For Seonaid, painting has opened up the world ... She has studied privately in Italy, France, Hawaii and Toronto, but is largely self-taught. While evocative of European and Canadian impressionists, Seonaid's paintings are decidedly her own. Her paintings are in private and corporate collections.
For almost fifteen years, Seonaid taught children with multiple disabilities and channeled her love of art into creative ways of teaching math and science, literature and history. A back injury in 2000 followed by surgery and a long recovery, meant that she could not return to the special ed classroom. She decided to pursue her childhood passion for making art full-time, and since then has lived to paint.
Seonaid's paintings take iconic images - cypresses, field stone, wild flowers - and infuse them with new life. Although people are often absent, there is a profound sense of relationship between people and place. The scene draws you in, and invites you to see the familiar in startling new ways.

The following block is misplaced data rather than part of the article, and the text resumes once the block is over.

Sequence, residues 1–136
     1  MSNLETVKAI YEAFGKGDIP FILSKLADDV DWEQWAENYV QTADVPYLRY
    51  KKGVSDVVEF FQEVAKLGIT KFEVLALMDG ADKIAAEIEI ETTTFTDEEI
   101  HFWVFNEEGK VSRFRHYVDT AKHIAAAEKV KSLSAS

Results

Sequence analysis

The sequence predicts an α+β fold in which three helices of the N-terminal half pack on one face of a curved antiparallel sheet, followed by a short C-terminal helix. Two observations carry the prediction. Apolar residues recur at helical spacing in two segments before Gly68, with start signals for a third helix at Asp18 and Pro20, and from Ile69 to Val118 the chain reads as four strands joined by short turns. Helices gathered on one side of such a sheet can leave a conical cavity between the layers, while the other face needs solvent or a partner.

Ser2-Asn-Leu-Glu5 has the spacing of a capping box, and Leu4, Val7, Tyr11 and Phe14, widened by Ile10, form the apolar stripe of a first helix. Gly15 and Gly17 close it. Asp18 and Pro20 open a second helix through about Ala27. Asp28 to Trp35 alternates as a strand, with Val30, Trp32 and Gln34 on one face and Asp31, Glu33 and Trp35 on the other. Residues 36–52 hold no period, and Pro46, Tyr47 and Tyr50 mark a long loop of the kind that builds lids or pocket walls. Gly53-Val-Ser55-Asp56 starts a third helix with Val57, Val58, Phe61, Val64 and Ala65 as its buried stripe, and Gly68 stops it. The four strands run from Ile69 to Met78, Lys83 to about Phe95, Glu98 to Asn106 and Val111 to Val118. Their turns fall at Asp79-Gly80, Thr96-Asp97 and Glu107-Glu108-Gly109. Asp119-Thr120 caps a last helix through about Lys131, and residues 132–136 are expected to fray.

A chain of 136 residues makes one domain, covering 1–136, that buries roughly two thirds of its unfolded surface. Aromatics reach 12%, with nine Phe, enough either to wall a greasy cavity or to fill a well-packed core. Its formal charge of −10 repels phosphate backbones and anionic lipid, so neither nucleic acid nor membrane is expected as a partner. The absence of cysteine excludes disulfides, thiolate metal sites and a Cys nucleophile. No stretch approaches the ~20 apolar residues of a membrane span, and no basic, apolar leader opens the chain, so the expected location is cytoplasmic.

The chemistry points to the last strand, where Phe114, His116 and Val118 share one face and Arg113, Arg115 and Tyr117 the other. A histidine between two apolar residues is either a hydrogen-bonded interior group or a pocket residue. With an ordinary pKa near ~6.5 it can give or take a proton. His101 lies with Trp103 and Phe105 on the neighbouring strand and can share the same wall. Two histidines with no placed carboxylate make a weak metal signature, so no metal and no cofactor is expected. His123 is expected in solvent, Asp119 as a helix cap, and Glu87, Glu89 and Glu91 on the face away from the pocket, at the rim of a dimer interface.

Fragments of conversation float through the air at her shows - people searching for the words that match the feelings evoked by her images: the juxtaposition of old and new -a dirt road winding through a violet Tuscan sky, cypresses so dark a green they're almost black, reaching up, ancient, stalwart, mindless of their staggering beauty; a verdant rain forest in British Columbia, a sea bird riding a thermal, rocks and tide pools shimmering like stars; delicate white ground cover of spring, an ancient stone wall (is that the imprint of the hand that placed it there?) worn by centuries of weather; a riot of poppies and wild irises at the foot of a twisted tree trunk. People are still and excited and speak of feeling as if they could enter the picture, walk up to the big old wood door in the middle distance to find something waiting for them.